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Intimate insight

30 October 2004

12:00 AM

30 October 2004

12:00 AM

And did those feet in ancient times
Walk upon London’s suburbs green?
And was a canvas full of sun
On England’s pleasant pastures seen?
And did Pissarro’s light divine
Shine forth upon our clouded hills?
And was IMPRESSIONISM builded here
Among these dark Satanic mills?

Well, up to a point, yes, if Camille and his son Lucien may be merged and those Satanic north of England mills, later to be turned a smoggy white by L.S. Lowry, kept in the distance.

Although retaining Danish nationality, having been born in the Danish West Indies, Camille Pissarro’s feet, or rather one of them, in a genetic manner of speaking, may have hailed from the same vicinity as William Blake’s ‘Holy Lamb of God’. Pissarro’s mother was Creole but his father was Jewish. Camille himself fathered seven children, for whom it was second nature to paint, including Lucien who settled at 62 Bath Road in 1897 on the edge of Bedford Park, Chiswick, the then trendy Garden Suburb. He moved to The Brook, in nearby Stamford Brook, in 1902. From The Brook, Lucien quietly disseminated the secrets of the Impressionist gospel and métier. He painted landscapes in Devon and elsewhere, and founded the Eragny Press, named after the family home at Eragny in Normandy.


By 1900, Camille, a refugee in south London from the Franco–Prussian War of 1870, had already painted north Norwood, sunny Sydenham, the Crystal Palace, Dulwich, Hyde Park, Bedford Park and Kew. ‘What lawns! What trees!’ he wrote of the Botanical Gardens. Camille Pissarro was also the oldest French Impressionist, and the only one to show in all eight of their group exhibitions, thereby qualifying in the literature about Impressionism as ‘Dean’ or ‘Father’ of the movement. Furthermore, according to Cézanne, ‘He was a father to me, and something like the good Lord.’

Despite being a committed, idealistic anarchist, Camille Pissarro developed a reputation as a sage. A late self-portrait borrowed from the Tate for this exhibition cements such an image. With his great black beard, later turning white, Pissarro looked thoroughly patriarchal, rabbinical even, but he did not practise the Jewish faith. Nor did he use his art to further his anarchical political views. The faith Pissarro practised and passed on to his eldest son Lucien was the Impressionist faith. He had studied the old masters in the Louvre. Together with Monet, he studied the best English landscape painters. Rembrandt was an etching mentor. Corot was an early, major and permanent influence, yet he kept up with the younger generation, experimenting seriously with Divisionism, or Neo-Impressionism, for example — as did Lucien.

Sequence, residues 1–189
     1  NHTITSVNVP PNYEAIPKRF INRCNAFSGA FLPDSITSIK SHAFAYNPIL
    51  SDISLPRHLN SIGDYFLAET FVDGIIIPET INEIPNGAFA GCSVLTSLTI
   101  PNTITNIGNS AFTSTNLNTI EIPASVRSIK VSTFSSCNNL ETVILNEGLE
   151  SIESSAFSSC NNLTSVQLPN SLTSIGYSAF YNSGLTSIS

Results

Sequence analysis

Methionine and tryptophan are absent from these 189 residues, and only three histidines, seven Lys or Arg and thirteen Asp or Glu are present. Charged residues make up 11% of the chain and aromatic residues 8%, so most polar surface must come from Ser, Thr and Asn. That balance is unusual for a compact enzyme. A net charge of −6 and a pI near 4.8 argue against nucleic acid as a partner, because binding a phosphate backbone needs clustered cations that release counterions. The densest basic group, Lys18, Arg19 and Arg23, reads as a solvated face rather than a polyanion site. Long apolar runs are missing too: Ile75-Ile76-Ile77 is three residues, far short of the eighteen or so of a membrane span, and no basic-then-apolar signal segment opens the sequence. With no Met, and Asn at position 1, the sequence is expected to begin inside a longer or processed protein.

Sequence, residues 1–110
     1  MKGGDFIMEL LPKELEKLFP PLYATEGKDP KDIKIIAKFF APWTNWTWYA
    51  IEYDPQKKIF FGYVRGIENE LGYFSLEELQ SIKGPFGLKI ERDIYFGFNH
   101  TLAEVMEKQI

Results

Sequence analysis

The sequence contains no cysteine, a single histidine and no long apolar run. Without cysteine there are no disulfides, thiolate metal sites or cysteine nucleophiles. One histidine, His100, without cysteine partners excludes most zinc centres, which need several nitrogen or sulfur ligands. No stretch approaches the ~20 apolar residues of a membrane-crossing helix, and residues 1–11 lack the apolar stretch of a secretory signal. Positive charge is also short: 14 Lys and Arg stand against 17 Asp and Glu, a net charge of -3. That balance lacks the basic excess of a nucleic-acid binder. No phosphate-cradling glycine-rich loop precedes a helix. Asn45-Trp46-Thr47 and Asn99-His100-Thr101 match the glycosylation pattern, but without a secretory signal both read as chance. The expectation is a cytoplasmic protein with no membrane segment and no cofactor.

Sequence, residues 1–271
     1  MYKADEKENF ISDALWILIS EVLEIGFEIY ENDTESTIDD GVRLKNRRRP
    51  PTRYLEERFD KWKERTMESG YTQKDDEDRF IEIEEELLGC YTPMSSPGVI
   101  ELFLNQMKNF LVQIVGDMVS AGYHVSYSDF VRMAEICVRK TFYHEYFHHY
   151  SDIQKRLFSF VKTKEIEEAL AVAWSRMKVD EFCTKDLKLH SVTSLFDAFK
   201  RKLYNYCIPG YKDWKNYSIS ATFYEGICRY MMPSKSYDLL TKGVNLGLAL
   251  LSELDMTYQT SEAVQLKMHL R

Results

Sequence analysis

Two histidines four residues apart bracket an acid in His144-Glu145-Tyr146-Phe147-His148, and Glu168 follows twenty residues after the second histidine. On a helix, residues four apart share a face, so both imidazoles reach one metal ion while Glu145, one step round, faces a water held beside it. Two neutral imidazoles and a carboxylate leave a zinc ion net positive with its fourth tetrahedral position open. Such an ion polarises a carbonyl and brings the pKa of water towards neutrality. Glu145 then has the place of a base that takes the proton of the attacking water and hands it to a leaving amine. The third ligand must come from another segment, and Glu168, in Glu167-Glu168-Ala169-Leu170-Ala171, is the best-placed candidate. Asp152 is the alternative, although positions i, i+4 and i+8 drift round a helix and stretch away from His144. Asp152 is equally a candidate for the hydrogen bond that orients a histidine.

The point of this exhibition is to focus on the domestic background from which this unique family of artists lived, worked so incessantly, and died. There is much sadness when the attractive child known as Minette dies young. The show includes works by, and of, all Lucien Pissarro’s siblings, such as Felix (‘Titi’), George, Ludovic-Rodo, and Jeanne (‘Cocotte’). Lucien’s amazing-looking daughter Orovida is present, too, notably in a portrait by Carel Weight, commissioned by her and painted in her home in 1956. Almost all the exhibits are from the extensive Pissarro Family Gift to the Ashmolean of 1952, which was supplemented in 2003 by more than 600 items.

Do not expect a blockbuster show of great Impressionist works. The Pissarros, in any case, tended to embrace everyday reality and to avoid grand subject-matter. The labels are to the point but there is no catalogue. Expect instead a context of social history and an intimate insight into a family that was at the heart of an important movement. The first room shows the Pissarros in various houses in France. The second room shows them in England. At The Brook, on alternate Sundays, Lucien’s wife Esther (née Bensusan) would hold soirées — modest food and drink followed by a friend playing Bach on the piano. These might be attended by the head of the British Museum Print Room, by Aitken and Manson, successive directors of the Tate, and by painters of the Camden Town School. Sickert said of Lucien: ‘Pissarro, holding the exceptional position at once of an original talent, and the pupil of his father, the authoritative depository of a mass of inherited knowledge and experience, has certainly acted as a guide, or, let us say, a dictionary of theory and practice on the road we have elected to travel.’

Renoir painted in the Channel Islands. Berthe Morisot depicted Manet’s brother through a guesthouse window on the Isle of Wight. Van Gogh worked for a London gallery, preached in Chiswick and helped make Brixton famous. Monet and Derain immortalised the Thames near Westminster. We are lucky that part of the Pissarro family actually settled in suburban London and entrusted a massive archive of both family and Impressionist history to the Ashmolean.


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